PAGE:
While we humbly gaze—may we anxiously ponder, "Why, blessed Jesus—why did You thus die?" May His precious answer sound through every part of our hearts and souls,
"I die—that you may not die.
I lay down My life—to purchase your life.
I present Myself as a sin-offering to—expiate all your sins.
My blood thus streams—to wash out all your guilt.
The fountain is thus opened in My side—to cleanse you from all impurity. I thus endure your curse. I thus pay your debt. I thus rescue you from all condemnation. I thus satisfy divine justice for you!"

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"And a man shall be as a hiding place from the wind, and a covert from the tempest; as rivers of water in a dry place, as the shadow of a great rock in a weary land." Isaiah 32:2

"A man!" This first word forms the key to the precious verse, it is "The man Christ Jesus!" And when and where is He thus revealed to His people as their hiding place and shelter? It is, as with Elijah of old, in the whirlwind and the storm! Amid the world’s bright sunshine, in the tranquil skies, uninterrupted prosperity, they seek Him not! But when the clouds begin to gather, and the sun is swept from the firmament; when they have learned the insecurity of all earthly refuges, then the prayer ascends, "My heart is overwhelmed, lead me to the Rock that is higher than I." The Earthquake, the Tempest, the Fire, and then "the still small voice!"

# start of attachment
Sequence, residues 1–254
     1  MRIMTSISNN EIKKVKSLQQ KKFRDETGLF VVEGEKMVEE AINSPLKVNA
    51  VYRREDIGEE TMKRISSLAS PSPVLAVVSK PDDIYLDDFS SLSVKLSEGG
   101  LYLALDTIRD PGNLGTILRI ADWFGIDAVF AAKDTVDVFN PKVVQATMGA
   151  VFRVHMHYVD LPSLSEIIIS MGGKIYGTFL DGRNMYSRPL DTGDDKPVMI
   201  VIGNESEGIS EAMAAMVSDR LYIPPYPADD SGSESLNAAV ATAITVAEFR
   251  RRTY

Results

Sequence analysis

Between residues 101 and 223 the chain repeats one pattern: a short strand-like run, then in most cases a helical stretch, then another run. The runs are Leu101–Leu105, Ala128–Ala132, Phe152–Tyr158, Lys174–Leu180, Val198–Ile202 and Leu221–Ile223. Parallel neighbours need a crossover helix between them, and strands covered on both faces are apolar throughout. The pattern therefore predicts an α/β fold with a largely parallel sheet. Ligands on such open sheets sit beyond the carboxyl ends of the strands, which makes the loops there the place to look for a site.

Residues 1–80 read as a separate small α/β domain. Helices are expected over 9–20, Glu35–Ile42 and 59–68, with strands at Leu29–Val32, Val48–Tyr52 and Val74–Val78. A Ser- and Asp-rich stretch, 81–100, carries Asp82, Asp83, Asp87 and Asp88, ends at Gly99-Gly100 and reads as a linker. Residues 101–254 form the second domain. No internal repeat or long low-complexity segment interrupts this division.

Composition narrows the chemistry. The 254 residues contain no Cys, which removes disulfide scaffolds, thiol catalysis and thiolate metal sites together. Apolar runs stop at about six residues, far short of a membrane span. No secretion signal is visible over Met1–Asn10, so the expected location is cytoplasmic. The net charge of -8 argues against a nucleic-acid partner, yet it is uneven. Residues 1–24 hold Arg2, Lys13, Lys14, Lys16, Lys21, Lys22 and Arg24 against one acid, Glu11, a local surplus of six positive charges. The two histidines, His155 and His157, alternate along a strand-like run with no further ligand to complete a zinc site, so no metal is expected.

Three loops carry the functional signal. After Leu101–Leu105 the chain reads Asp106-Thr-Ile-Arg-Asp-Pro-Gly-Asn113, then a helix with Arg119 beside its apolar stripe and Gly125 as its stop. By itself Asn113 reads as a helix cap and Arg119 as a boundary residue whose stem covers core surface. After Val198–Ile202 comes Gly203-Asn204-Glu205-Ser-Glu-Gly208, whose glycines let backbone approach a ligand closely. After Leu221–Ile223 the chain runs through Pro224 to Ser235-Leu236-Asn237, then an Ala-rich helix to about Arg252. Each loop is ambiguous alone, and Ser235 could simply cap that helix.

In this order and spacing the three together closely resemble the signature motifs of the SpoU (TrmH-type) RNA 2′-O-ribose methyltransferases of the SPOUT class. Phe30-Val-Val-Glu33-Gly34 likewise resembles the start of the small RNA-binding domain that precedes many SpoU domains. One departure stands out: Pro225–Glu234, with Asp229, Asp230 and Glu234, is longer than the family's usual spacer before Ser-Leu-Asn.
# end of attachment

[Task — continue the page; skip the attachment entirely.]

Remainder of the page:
Sorrowing believer, you have indeed a Sure Refuge; a Strong Tower which cannot be shaken! The world has its refuges too. But they cannot stand the day of trial. The wind passes over them and they are gone! But the louder the hurricane, the more will it endear to you the abiding Shelter; the deeper in the clefts of this ROCK—the safer you are.

A Man! Delight often to dwell on the humanity of Jesus; you have a brother on the throne! a "living Kinsman," one who "knows your frame," and who, by the exquisite sympathies of His exalted human nature—can gauge, as none other can, the depths of your sorrow.